4. Zoe Brain Says:

    Here’s the existing situation. Judge for yourself whether things could be much worse:

    Taking this situation to its logical conclusion, Mrs. Littleton, while in San Antonio, Tex., is a male and has a void marriage; as she travels to Houston, Tex., and enters federal property, she is female and a widow; upon traveling to Kentucky she is female and a widow; but, upon entering Ohio, she is once again male and prohibited from marriage; entering Connecticut, she is again female and may marry; if her travel takes her north to Vermont, she is male and may marry a female; if instead she travels south to New Jersey, she may marry a male.

    I’m not technically Trans, I’m Intersexed.

    In the country I reside in, I could only marry a man, as same-sex marriage is absolutely forbidden.

    In the country of my birth, I could only marry a woman, as same-sex marriage is absolutely forbidden there too. On the other hand, a Transgendered woman with male genitalia and no desire to change that can be legally female there, and thus only permitted to marry a man.

    The situation both nationally in the USA, and Internationally, is a mess. You don’t have to be a legal scholar to see that.

  5. Edith Says:

    The short answer Zoe,

    I was born in Tennessee. I live in Rhode Island. I may be slightly better off than you. I could travel to Massachusetts a short distance away and marry a woman and it would be recognized here. I still don’t know how not being able to have my B C corrected would play into things if I moved to Tennessee if I married a man in Rhode Island. I will definitely concede there could be much I am missing in Jillian Weiss’ argument, or that I simply don’t understand.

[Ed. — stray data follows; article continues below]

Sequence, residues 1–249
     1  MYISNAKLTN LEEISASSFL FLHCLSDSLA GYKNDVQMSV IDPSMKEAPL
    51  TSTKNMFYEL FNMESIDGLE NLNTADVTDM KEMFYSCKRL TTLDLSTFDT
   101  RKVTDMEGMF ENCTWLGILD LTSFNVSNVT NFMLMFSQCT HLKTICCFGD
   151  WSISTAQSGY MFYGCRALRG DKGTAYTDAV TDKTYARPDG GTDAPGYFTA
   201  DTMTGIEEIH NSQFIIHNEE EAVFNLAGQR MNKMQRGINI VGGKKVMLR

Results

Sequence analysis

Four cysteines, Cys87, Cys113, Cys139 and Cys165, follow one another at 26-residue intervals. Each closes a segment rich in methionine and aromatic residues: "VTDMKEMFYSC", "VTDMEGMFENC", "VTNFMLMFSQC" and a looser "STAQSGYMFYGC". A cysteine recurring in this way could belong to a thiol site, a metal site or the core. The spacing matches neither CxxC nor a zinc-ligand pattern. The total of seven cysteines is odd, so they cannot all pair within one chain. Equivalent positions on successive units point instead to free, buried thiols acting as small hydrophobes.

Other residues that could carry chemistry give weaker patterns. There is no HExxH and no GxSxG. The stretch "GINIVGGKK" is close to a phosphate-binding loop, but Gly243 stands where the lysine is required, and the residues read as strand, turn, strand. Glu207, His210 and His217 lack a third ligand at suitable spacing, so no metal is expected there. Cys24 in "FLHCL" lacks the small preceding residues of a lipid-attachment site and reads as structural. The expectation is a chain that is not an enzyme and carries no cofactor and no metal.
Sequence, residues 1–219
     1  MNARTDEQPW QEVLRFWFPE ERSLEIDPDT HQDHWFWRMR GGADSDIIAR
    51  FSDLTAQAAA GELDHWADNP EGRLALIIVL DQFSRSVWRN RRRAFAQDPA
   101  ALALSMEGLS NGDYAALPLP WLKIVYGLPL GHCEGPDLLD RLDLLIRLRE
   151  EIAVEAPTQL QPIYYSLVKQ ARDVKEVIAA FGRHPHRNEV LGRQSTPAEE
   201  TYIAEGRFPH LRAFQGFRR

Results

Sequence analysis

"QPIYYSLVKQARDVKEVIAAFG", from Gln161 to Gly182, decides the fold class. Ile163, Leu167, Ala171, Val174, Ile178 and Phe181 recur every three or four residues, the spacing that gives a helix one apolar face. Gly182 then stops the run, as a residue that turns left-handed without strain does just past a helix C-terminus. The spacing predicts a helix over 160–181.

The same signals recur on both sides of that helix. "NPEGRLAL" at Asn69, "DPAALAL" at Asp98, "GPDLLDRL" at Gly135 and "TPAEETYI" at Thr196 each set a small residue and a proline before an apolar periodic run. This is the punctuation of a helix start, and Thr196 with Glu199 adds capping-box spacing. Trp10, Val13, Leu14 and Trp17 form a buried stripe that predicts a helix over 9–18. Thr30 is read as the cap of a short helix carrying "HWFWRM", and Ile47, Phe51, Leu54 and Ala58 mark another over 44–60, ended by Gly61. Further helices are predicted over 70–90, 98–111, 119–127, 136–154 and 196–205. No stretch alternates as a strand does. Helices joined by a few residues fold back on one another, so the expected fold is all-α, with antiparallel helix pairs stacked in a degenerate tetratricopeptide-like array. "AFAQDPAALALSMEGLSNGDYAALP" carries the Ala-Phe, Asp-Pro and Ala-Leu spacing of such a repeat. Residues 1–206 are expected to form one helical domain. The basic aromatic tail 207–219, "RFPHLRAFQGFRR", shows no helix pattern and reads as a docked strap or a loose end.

I have thought it over, however. I simply have questions about Weiss’ approach. Maybe I don’t understand but if I were to say I am a rocket scientist would that make me one? Also, I am uncomfortable with the notion that having genital to genital sex with a man would be comparable to having anal sex in violation of the anti sodomy law that was struck down, which is how I am reading the implications of what Weiss is proposing, if I understand what she is saying correctly. I am strongly opposed to anti “sodomy” statutes but I think it is a separate issue and should be pursued that way.

    As far as intersex goes, the way I understand things is that it is not much easier to determine who is and who isn’t than it is trying to determine who is female and who is male.

    I have to go deal with the state Health Department, now, and haggle over requirements for my lead renovator’s license. Believe me, I know about the law, corruption, noble ideas and unintended consequences.

  6. Edith Says:

    O K Zoe,

    I see you have visited this issue before:

    >>I’d settle for a SCOTUS definition of male and female.
    Hopefully not one in the spirit of Dredd Scott.
    Zoe Brain | March 22, 2009 2:39 AM<<

    It has been a long night of reading about judicial review, substantive due process, rational-basis scrutiny, stare decisis, obiter dicta, Dred Scott, the Magna Carta . . . I'm still wondering about gender autonomy. Something tells me my gut instincts are probably correct even if my understanding is anemic.